St. Irenaeus Catholic Church (Clinton, Iowa)

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Saint Irenaeus Church
St. Irenaeus Church Clinton, Iowa pic1.JPG
St. Irenaeus Catholic Church (Clinton, Iowa) is located in Iowa
St. Irenaeus Catholic Church (Clinton, Iowa)
Location 2811 N. 2nd St.
Clinton, Iowa
Coordinates 41°52′41″N 90°10′40″W / 41.87806°N 90.17778°W / 41.87806; -90.17778Coordinates: 41°52′41″N 90°10′40″W / 41.87806°N 90.17778°W / 41.87806; -90.17778
Built 1871
Architect W.W. Sanborn
W.W. Waldron
Architectural style Gothic Revival
Governing body Private
NRHP Reference # 96001589 [1]
Added to NRHP September 3, 2010

Saint Irenaeus Church is a former parish of the Diocese of Davenport. The church was founded in the town of Lyons, which now the north side of Clinton, Iowa, United States. It has been listed on the National Register of Historic Places since 2010.

History[edit]

19th Century[edit]

Bishop Mathias Loras of the Diocese of Dubuque said the first Mass in Lyons. The Mass was celebrated in a log home in 1848.[2] The area was visited by various priests, including the Rev. J.A.M. Pelamourges from Davenport, and the Rev. Frederic Cyrille Jean, who was assigned as the first resident pastor. Jean was originally from Baynes, France and came to the United States upon the invitation of Bishop Loras. He came to Lyons from Bellevue and started building a church as soon as he arrived and it was completed in 1852. The building was built of brick and cost $1,500 to construct.[3]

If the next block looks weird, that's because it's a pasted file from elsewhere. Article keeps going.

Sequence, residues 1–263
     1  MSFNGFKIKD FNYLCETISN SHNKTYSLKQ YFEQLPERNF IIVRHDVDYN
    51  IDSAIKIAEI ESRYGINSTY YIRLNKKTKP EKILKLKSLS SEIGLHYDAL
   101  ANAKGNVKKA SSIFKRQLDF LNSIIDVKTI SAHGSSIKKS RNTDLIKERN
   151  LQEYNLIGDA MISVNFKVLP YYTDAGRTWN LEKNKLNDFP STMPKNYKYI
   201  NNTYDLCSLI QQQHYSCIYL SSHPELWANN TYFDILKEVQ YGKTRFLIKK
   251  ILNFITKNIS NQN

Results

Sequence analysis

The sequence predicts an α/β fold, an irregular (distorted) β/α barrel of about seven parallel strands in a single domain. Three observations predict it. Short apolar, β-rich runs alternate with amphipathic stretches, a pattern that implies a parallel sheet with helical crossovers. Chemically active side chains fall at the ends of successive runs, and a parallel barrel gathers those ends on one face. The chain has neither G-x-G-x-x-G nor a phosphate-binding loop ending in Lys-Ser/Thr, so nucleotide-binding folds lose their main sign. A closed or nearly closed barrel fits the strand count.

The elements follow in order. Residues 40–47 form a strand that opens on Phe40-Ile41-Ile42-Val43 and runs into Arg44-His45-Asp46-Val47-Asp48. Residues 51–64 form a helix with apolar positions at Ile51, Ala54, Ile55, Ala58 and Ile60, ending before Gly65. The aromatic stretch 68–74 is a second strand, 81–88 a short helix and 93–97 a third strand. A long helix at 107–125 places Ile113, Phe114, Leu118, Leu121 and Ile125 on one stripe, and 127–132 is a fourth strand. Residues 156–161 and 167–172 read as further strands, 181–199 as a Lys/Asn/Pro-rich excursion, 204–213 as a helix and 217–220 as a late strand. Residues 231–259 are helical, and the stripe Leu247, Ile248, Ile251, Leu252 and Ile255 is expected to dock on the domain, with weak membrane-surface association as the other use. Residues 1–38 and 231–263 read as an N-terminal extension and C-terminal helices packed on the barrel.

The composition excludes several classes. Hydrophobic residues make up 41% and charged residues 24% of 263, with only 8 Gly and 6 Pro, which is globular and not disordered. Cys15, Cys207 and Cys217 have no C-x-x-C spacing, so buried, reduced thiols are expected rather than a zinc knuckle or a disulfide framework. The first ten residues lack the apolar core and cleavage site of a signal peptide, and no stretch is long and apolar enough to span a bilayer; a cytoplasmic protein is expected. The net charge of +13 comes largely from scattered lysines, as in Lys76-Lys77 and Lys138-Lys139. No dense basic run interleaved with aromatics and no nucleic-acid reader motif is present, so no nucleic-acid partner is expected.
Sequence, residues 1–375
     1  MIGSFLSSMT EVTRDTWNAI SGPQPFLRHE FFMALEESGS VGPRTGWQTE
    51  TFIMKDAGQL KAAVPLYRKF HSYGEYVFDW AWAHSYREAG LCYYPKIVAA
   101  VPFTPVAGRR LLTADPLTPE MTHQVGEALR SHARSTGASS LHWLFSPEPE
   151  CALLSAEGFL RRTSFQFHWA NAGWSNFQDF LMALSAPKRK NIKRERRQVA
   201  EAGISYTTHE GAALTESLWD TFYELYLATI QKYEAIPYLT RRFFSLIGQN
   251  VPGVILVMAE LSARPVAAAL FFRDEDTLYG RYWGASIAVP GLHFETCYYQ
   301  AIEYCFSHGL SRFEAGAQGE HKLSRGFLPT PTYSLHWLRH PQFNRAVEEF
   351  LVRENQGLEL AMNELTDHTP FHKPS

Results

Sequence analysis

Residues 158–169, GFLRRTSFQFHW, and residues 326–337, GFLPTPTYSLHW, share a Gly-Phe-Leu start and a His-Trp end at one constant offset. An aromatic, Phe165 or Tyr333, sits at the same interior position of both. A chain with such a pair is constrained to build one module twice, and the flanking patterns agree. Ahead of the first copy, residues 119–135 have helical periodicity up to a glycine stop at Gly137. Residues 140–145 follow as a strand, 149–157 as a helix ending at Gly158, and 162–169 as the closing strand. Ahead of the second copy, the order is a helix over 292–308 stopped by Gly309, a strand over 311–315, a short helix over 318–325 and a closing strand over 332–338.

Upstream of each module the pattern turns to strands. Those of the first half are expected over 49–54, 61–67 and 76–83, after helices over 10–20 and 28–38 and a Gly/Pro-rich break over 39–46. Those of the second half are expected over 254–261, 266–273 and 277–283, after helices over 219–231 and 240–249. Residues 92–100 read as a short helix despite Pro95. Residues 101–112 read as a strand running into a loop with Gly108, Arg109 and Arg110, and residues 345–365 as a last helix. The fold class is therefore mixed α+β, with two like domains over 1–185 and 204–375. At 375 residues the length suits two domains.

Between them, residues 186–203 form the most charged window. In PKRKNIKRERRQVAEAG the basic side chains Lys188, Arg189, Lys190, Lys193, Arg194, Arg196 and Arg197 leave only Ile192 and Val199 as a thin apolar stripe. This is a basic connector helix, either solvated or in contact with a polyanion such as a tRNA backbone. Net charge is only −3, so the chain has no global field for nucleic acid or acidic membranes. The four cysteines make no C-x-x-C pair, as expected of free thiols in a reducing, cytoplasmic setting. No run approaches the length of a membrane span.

The parish grew quickly and a larger church was built in 1856. In 1864 Bishop Clement Smyth laid the cornerstone for the present church. Parishioners helped in building the church without pay.[3] It is a Gothic Revival style building constructed in limestone, which was quarried just outside the town.[3] The building was completed in 1871 and cost the parish $45,000.[2] The building measure 130 by 60 feet and could accommodate 450 people.[2] The ceiling is 50 feet (15 m) off the floor. The stained glass windows depict the Twelve Apostles. Two offset spires front the building. The south spires rises 166 feet (51 m) and the and north spire is 136 feet (41 m) high.[4]